Why not offer to volunteer over the Christmas period in a homeless shelter/soup kitchen and dish up the meals. Or you could visit the elderly in hospital who have no relatives. I know it won't necessarily be hilariously entertaining, but you never know, it might be and it will certainly bring a smile to the people you help. Just a thought.

Flowerpot said...

Addy - funnily enough, dishing up Xmas lunches at a hostel for the homeless is on my Plan B list. Thanks for reminding me though.

Akelamalu said...

Christmas is always a hard time of year when you've lost someone you love. I'll miss my Dad.

I hope you find somewhere you really want to be at Christmas Sue. x

Flowerpot said...

I am sure you will miss your Dad, Ak, but I bet you have some very fond memories of him. Thanks for your thoughts - I hope I find somewhere too!

Debs Carr said...

What a beautiful and comforting quote, I love it.

I look forward to hearing what you decide to do this Christmas. x

Flowerpot said...

Debs - glad youlike it too. Have just remembered that I have arranged to go to London on 29th December which rather scuppers week long trips - depending on when I would leave. But we'll see.... will probably just stay here but who knows?

Crystal Jigsaw said...

I understand exactly what you're saying here. For people who have lost someone near Christmas, it only serves as a reminder of their loss. My dad died in July 2001 and for the next few years afterwards, my mum didn't send cards or celebrate Christmas at all. We got a bit frustrated with her in the end though, because Christmas was always my dad's favourite time of year.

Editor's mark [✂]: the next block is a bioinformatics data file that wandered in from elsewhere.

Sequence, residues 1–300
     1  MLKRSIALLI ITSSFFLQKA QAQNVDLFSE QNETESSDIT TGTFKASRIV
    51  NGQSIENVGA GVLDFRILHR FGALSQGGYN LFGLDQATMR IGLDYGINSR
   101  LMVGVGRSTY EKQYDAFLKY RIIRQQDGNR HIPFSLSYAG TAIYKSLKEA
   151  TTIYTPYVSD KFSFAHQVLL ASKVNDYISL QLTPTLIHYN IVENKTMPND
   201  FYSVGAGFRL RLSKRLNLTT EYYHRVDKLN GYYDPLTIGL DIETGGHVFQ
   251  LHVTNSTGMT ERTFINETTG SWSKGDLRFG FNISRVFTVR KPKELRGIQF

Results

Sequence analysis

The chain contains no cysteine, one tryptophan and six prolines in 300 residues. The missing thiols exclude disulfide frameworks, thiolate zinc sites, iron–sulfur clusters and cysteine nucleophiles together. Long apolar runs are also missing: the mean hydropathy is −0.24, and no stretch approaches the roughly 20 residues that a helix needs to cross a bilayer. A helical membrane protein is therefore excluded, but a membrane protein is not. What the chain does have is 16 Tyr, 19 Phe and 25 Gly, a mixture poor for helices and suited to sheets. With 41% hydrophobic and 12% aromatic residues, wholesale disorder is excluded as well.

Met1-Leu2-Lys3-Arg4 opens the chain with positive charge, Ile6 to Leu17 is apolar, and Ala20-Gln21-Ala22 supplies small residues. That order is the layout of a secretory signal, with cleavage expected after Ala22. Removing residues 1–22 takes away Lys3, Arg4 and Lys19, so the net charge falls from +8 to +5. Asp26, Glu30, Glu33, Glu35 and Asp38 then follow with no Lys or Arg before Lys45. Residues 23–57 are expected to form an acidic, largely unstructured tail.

However, I fully understood why she felt that way. You're probably right about your family tredding on eggshells; it will be hard for them to know what to say. I'm a loner and would very much prefer to spend Christmas on my own if I was in your situation. But we're all different. I'm sure you'll do what's right for you.

Take care, CJ xx

Flowerpot said...

Thanks CJ. I'm not honestly sure what is the right thing to do right now - but as Sally said, "I'm sure something will come up - Micawber style"!

Talli Roland said...

A lovely ending to this post! I can just imagine how comforting that image is. Keep us posted on what you decide.

Flowerpot said...

Talli - I will! Who knows what might happen? Or nothing....

Jenny Beattie said...

Bangkok?

(And I'm not joking. Last year we had total strangers for Christmas lunch!)

JJx

Flowerpot said...

Well JJ that's one idea that I hadn't thought of! Thank you x